Background Aggressive pediatric brain tumors such as atypical teratoid/rhabdoid tumor (AT/RT), MYC-amplified medulloblastoma, high grade glioma and diffuse midline glioma are major drivers of pediatric cancer mortality. These therapy-resistant tumors frequently overexpress the immune checkpoint cell surface molecule B7-H3 (CD276). B7-H3 is a pan-cancer antigen that is highly expressed in many tumor types. CAR-T cell studies have established that immunotherapeutic targeting of B7-H3 is safe in pediatric patients. We have developed B7-H3 targeted chimeric antigen receptor (CAR) natural killer (NK) cells as a tumor-specific cell therapy for these pediatric brain tumors. CAR-NK cells have several advantages over CAR-T cells. NK cells can be obtained from healthy donors and produced as an ‘off-the-shelf’ product. NK cells also have a lower risk of inflammatory toxicity and graft-versus-host disease compared to T-cells when transferred across the HLA barrier from healthy donors to patients.
Methods We have designed a library of variable affinity B7-H3-targeted CARs, produced replication incompetent γ-retroviral vector, and used this for generation of B7-H3 CAR-NK cells. We verified B7-H3 expression in a panel of brain tumor cell lines, and further engineered firefly luciferase expressing AT/RT and medulloblastoma (CHLA06.ffLuc, D425.MED.ffLuc) as well as a CHLA06-derived B7-H3 knockout. We developed an orthotopic CHLA06.ffLuc xenograft model. We tested CAR-NK cell functionality using in vitro co-culture and cytotoxicity assays. In vivo study was performed in our xenograft with intratumoral deliver of CAR-NK cells. Parallel study using murine-specific B7-H3 CAR-NK cells and syngeneic immunocompetent murine CNS tumor models are planned.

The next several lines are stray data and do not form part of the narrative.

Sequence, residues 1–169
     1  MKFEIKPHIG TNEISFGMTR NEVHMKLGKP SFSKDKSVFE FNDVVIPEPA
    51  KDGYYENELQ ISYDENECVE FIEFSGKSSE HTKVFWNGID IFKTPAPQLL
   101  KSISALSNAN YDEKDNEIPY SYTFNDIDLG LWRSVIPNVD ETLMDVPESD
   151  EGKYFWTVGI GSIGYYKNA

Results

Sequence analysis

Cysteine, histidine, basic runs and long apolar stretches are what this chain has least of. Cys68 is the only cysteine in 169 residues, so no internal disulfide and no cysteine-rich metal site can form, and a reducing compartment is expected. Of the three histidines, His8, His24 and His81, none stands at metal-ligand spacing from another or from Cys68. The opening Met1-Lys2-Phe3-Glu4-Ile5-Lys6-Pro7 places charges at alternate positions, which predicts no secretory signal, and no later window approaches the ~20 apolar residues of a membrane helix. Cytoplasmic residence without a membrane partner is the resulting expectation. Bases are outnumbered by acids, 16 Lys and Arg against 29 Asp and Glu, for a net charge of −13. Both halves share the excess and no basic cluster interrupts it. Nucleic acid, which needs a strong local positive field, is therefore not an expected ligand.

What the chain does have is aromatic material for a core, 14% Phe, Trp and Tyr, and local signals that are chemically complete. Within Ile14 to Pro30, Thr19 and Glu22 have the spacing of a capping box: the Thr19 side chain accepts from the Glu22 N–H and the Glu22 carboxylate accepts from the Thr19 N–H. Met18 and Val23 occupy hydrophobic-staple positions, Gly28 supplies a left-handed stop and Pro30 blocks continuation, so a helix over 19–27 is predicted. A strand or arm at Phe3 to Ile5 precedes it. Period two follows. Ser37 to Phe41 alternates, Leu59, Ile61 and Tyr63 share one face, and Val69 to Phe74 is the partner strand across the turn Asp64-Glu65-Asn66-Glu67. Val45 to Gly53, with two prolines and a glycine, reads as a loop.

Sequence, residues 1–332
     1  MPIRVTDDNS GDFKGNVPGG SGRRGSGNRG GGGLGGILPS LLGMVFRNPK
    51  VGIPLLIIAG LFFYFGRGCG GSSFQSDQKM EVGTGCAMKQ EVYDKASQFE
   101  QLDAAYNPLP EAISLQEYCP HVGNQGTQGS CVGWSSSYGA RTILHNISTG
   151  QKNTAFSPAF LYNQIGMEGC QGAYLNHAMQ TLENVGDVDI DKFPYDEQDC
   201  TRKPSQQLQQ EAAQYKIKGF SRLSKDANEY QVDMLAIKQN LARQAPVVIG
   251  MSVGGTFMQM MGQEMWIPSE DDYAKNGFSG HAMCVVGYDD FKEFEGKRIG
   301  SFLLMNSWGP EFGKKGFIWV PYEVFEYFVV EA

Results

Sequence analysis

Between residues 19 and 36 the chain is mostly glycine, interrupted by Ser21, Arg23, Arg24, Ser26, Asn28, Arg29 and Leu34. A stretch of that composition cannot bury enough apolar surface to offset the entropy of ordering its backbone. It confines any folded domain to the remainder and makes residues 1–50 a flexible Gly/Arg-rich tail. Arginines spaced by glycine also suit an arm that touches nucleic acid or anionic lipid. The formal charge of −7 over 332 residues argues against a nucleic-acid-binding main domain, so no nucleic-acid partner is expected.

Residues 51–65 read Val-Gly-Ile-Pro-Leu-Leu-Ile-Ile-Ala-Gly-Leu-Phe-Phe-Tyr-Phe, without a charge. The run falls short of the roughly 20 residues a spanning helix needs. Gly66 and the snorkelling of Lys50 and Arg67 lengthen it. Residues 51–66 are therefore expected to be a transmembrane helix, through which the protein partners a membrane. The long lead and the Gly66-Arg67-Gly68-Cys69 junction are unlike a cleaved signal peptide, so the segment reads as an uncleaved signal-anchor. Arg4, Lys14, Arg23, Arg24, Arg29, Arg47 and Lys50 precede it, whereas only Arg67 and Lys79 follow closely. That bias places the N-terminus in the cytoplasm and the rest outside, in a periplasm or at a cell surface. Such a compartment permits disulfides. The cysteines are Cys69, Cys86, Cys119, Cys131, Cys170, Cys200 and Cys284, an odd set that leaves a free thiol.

Results B7-H3 targeted CAR-NK cells demonstrate target-specific cytotoxicity when compared to untransduced NK cells. Crispr/Cas9 mediated knockout of B7-H3 in target cells abolished the difference in CAR vs. no-CAR NK-mediated target killing. When delivered intracranially to CHLA-06 orthotopic xenograft bearing mice, B7-H3 CAR NK cells have evident antitumor activity and prolong survival.
Conclusions Clinical trials infusing NK cells directly into the brains of patients with refractory brain tumors are launching in 2023, and are aligned with our efforts to engineer B7-H3 targeting NK cells, thereby accelerating translation of this approach to children with aggressive brain tumors. Targeting pediatric brain tumors with an anti-B7H3 CAR-NK cell therapy may provide a safe and effective treatment for patients who have extremely limited therapeutic options. As B7-H3 is a tumor associated antigen found to be overexpressed in a large variety of tumor types, this strategy may also be useful for treatment of other B7-H3 expressing cancers.
Acknowledgements Bonifant Laboratory
Department of Pathology
Pathobiology Graduate Program
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Ethics Approval Animal work and protocols were approved by Johns Hopkins University Animal Care and Use Committee (Protocol #MO22M138)
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